Mary Shelley is the mother of science fiction.  If it wasn’t for her, we wouldn’t have books like Jurassic Park, 1984, Fahrenheit 451, or The Giver.  And even when I was eleven, I was psyched about the idea of a woman creating the story of a mad scientist bringing dead people back to life.  But Frankenstein to me, was like every M. Night Shyamalan movie after Signs. It was the biggest let-down in the entirety of any book ever.

This book is basically about the world’s worst father. Victor Frankenstein spends half the book trying to create life, and when he finally does, he immediately rejects it.  His rejection of the monster then causes it to go berserk and kill everyone Victor ever loved.

And Mary Shelley goes heavy on the science in Frankenstein.  She talks about electricity, anatomy, and a stupid tree getting struck by lightning for like, ever.  I get it, it’s a metaphor!  It’s foreshadowing!  It’s boring.  This is fun and all, but I read this for a monster.  And right when you are getting really pissed about the entire thing, the creature just appears.

There is no buildup.  Shelley can talk about a tree for goddamn ever, but as soon as she has to describe how exactly Frankenstein created the monster, she leaves you hanging.  There is no whirling tubes, no Igor flipping switches, no big storm.  Just Victor talking about god-knows-what and then BOOM!  The monster is alive.

And he hates it.  Frankenstein describes the creature saying:

His limbs were in proportion, and I had selected his features as beautiful. Beautiful! Great God! His yellow skin scarcely covered the work of muscles and arteries beneath; his hair was of a lustrous black, and flowing… but these luxuriances only formed a more horrid contrast with his watery eyes, that seemed almost of the same colour as the dun-white sockets in which they were set, his shrivelled complexion and straight black lips.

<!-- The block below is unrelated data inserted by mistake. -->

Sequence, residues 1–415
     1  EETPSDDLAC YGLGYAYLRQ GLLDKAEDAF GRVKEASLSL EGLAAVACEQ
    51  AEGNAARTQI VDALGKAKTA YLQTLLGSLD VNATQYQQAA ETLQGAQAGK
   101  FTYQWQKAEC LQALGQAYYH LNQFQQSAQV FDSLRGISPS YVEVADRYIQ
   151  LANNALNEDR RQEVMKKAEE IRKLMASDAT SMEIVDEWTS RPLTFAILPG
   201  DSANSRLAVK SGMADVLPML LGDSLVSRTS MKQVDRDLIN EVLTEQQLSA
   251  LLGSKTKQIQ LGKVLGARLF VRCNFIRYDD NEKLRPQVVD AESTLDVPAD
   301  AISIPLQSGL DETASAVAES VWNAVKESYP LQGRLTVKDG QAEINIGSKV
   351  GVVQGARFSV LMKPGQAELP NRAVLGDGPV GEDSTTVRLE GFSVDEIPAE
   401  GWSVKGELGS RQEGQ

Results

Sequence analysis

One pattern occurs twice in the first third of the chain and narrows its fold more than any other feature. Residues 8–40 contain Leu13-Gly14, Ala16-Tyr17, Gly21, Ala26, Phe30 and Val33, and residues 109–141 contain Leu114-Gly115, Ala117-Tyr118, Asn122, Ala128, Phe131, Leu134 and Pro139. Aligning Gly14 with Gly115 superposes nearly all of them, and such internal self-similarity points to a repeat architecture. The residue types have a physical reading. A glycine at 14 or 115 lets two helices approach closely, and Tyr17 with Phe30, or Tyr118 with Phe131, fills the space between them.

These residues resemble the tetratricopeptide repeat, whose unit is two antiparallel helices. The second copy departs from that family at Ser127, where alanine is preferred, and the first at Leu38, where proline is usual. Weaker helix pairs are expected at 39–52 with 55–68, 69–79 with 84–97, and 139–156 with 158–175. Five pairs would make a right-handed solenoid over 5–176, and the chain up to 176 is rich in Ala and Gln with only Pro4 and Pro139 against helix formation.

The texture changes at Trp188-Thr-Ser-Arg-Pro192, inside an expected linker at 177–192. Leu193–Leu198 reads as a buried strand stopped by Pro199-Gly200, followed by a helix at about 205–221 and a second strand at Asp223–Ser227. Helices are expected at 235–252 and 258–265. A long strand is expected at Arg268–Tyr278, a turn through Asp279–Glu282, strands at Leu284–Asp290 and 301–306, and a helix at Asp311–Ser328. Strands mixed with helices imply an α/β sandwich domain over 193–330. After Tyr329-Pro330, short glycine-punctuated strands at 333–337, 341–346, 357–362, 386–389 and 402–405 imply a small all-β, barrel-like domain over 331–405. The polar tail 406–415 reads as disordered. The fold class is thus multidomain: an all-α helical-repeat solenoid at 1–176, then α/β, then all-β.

What does that actually look like?  It looks like this:

So Frankenstein created Steve Buscemi

And then, the monster just runs away for half the book, Frankenstein becomes sick, has a bit of a homoerotic moment with a childhood friend who nurses him back to health for four months, and goes home after finding out his brother is killed.  When the monster returns it is magically intelligent and self-aware after hiding in the woods in a barn next to a family.  He listens to this family speak, finds Paradise Lost, teaches himself to read it, and acknowledges how ugly he is after seeing himself in a pool of water.

So what next?  Ask Dad to make you a monster bride!  And when Daddy Dearest destroys your bride after thinking about the ugly children you might create, what else can you do?  Oh yeah, KILL EVERYONE.  The monster just follows Frankenstein around and fucks with him.  He causes Frankenstein to have two mental breakdowns, kills his friend and almost frames him for it, AND kills Victor’s bride the night of their wedding.